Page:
The Web Today: WikiLeaks, etc.
Searching the web today, it feels as though all of the internet could be categorized by “WikiLeaks, etc.”. Blogs and news-sites alike are flooded with articles about WikiLeaks, articles indirectly related to WikiLeaks, and then a select few articles that are actually non-related. In fact, even Google’s annual Zeitgeist, their version of a yearly wrap up of the search industry, ends on a note about WikiLeaks. So for today’s Weekly Wrap Up, we will of course cover what we feel is hot throughout the industry – but don’t be surprised when WikiLeaks pops up for 3 of our 4 topics. We’d apologize, but we feel it is a pretty accurate representation of the world today. Read on, learn something, and share… you just might find out something new!
1. The New Facebook
We’ll start you out with something fresh, easy, and… necessary? That last adjective, at this point, seems to be debatable. Though Facebook did not make any significant changes to the functionality of the home page, users are now able to elect to use a new version of the Facebook profile. Once a user makes the switch, all of their friends show up in the same “New Profile” format. However, if a user chooses to maintain the “old” profile, only “New Profile” friends appear in the new format. The “New Profile” presents consolidated information with a greater emphasis on relationships and pictures. With very few “new” features though, the question is up to you: was this a very cool design change, or unnecessary? We’d love to hear your opinion!
2. Twitter Censorship?
Some Twitter users are beginning to doubt the integrity of the ever-popular Twitter Trends, as despite all recent news, WikiLeaks has yet to trend since August 26. Speculation had been unanswered until recently, when a Twitter representative responded to the accusations. Twitter Trends, she says, is based on sharp increases in popularity, not constant popularity. In other words, their claim is that since Wikileaks has been constantly mentioned in tweets, the activity did not trigger a Trend. However, a graph of #WikiLeaks activity prepared by Trendistic makes us wonder if this explanation is true:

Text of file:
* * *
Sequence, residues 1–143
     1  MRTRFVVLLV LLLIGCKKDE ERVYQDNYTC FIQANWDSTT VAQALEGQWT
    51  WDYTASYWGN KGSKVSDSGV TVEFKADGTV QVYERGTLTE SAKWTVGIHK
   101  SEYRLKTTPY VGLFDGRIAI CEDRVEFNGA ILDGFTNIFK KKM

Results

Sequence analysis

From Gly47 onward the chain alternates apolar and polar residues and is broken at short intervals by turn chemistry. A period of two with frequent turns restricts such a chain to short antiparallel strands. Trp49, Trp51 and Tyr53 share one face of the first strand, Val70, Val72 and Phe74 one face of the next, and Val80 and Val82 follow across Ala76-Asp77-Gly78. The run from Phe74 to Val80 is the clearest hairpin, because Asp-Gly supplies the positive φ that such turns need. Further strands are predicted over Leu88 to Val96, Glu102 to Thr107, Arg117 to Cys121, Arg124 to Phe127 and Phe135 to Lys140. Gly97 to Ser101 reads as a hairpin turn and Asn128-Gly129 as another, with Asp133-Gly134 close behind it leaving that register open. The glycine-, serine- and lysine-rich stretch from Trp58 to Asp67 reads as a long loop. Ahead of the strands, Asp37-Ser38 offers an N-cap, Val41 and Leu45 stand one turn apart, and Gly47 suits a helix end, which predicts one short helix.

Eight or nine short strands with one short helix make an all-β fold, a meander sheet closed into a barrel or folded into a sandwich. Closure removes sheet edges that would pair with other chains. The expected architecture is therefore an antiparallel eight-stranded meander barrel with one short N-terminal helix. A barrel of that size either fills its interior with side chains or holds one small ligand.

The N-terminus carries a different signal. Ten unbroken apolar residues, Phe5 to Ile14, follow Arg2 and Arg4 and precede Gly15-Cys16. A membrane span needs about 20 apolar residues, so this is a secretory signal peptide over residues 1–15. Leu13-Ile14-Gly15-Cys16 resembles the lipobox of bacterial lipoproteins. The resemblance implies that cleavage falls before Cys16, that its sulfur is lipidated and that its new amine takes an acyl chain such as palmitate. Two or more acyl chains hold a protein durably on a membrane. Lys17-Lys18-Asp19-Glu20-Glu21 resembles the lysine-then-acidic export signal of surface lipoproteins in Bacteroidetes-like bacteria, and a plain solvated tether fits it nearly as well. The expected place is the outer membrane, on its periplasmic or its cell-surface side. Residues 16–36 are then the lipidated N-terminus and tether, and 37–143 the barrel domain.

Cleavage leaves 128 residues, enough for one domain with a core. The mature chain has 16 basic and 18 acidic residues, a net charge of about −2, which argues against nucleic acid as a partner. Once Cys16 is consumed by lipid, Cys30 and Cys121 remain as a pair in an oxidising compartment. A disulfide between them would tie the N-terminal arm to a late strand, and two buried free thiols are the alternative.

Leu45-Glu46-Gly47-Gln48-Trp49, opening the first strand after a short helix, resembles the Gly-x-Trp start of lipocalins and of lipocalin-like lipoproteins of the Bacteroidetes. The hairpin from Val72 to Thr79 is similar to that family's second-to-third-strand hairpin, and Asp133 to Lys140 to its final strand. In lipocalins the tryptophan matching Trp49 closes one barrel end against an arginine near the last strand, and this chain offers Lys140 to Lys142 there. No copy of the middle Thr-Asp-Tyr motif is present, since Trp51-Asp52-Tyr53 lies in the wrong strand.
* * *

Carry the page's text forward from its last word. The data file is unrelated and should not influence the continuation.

If that is not a sharp increase, I’m not sure what is.
3. Operation Payback
Did you have trouble accessing your online Visa account yesterday? Perhaps it was MasterCard? Or maybe you were very confused as to why you couldn’t read PayPal’s blog? Sources say that each of these phenomena can be attributed to a group of internet hackers called Anonymous. Via Twitter (@anonoftheabove), the group describes themselves as “Anarchist, Atheist, Anti-capitalist, Freedomist, Venus Project Advocating, Zeitgeist Watching, Anonymous Legionnaire, Voluntaryist, Libertarian Idealist nobody.” Recently, they’ve begun a project called “Operation Payback” – targeting all corporations that have refused service to WikiLeaks founder Julian Assange. The video below describes their intents:
VIEW VIDEO HERE
Check out the Mashable article for the full list of Anonymous’s recent actions.
4. Zeitgeist 2010
Each year, Google creates an annual report detailing how the world searched. This year, for the first time, Google created a visual to showcase their findings. As you can see, the world’s searches provide an accurate recap of the year, for better or for worse.
VIEW VIDEO HERE
The Zeitgeist 2010 provided an excellent look at the year, but of course, the year is not quite over! At Serendipit, we are not done yet!! With over 3 more weeks, we’re still crankin’ out work, and we’re excited to see what else the world has in store for us. Any predictions??